Press Release

Saving the Future of the Internet of Things (April 1st)
2015-10-30

Saving the future of the internet of things

On Jan 22nd, the full-day, “Internet of Things Seminar” session organized by IBM invited IBM India’s Subject Matter Expert in Electronics, Sanjay B. Panikkar to present his perspective to give a few insights on the challenges faced by the IoT applications and to provide directions for their future developments.

 

 

Before delving in, Panikkar starts by providing a backdrop, a brief look back at what IBM has been doing in the past decades: device democracy, and saving the future of the Internet of Things. He explained that IBM’s Institute of Business Value has sponsored this work by picking a topic every year for each industry, and that the topic of Electronics in 2014 was the IoT. The ensuing work that follows is the result of this study. He noted that we are at the start of a digital revolution, a point in time and history where we are seeing a massive number of smart devices, which will continue to grow in a relatively short period of time. Examples of this growth are evident in industries like the jet engine industry and energy meters. What is not so evident, on the other hand, are the business models and success cases, which leads to the next part of his presentation, the challenges of the IoT.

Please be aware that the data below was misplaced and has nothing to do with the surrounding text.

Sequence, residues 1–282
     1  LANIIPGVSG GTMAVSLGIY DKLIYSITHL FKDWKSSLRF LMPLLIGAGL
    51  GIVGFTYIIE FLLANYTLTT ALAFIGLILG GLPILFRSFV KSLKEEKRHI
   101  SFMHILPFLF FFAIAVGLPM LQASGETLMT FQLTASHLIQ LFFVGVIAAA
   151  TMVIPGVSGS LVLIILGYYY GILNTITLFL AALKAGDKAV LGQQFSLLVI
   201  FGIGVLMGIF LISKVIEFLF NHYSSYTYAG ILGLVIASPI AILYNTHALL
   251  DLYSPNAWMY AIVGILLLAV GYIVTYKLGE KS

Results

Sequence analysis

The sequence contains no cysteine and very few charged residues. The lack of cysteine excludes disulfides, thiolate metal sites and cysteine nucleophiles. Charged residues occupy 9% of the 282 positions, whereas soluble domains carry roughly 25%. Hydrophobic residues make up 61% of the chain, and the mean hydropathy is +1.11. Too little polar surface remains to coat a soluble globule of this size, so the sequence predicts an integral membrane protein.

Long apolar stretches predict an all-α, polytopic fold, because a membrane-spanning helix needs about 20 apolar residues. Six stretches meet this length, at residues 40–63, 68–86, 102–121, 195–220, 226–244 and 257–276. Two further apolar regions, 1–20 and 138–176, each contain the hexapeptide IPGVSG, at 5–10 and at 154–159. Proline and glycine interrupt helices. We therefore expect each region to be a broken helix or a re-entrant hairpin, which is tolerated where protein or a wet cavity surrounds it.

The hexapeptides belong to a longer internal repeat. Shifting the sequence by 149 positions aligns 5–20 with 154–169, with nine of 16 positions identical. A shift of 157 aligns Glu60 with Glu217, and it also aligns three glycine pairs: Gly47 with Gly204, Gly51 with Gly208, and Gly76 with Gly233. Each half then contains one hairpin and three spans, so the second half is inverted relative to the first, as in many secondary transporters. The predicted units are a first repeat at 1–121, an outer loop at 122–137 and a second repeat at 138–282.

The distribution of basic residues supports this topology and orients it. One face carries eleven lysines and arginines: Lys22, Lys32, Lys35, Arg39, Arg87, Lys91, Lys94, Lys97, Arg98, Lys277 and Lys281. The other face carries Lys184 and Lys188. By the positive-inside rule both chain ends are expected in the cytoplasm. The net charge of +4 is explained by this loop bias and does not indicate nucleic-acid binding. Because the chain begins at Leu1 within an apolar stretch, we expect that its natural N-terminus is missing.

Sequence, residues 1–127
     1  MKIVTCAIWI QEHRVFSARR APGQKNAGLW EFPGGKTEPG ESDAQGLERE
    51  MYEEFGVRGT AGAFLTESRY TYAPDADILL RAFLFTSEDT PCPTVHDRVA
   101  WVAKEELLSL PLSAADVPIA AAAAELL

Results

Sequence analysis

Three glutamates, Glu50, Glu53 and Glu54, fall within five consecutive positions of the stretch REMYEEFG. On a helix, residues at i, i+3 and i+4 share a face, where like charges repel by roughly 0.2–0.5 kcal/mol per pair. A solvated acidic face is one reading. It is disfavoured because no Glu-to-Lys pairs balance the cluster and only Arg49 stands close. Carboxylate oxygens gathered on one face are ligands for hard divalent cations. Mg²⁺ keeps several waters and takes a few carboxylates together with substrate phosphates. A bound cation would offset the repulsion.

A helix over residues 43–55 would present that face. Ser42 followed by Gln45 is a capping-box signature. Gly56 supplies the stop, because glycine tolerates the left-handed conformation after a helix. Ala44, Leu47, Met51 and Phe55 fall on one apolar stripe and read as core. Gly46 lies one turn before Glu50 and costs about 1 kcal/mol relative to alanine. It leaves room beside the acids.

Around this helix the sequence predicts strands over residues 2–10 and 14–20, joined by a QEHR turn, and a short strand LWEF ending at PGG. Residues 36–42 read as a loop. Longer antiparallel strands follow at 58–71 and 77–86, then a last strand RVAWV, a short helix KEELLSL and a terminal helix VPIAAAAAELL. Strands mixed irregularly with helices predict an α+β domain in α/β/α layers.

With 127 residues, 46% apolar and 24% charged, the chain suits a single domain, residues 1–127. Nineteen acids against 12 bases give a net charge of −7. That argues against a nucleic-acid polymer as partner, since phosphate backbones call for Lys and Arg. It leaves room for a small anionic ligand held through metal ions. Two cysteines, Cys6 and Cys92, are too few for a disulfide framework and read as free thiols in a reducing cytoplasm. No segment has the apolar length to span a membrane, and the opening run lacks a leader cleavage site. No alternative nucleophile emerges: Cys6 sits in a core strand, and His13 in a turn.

The four key challenges of IoT

Panikkar pointed out four key challenges. The first challenge is the high cost of maintaining the hundreds of billions of devices connected to a centralized infrastructure, such as a solar farm. Second, privacy becomes a key issue as everything becomes interconnected, and as the internet grows less safe while we are left to trust private data centralized authorities, which has seen cases of security compromises over the past few years. The third challenge, provided by the increase in new breeds of connected products, will see that the cost of maintenance will outclass the manufacturing and product obsolescence. The fourth and final challenge is that profits remain elusive as companies experiment with revenue models and hold expectations that may sometimes be unrealistic. 

 

 

 

 

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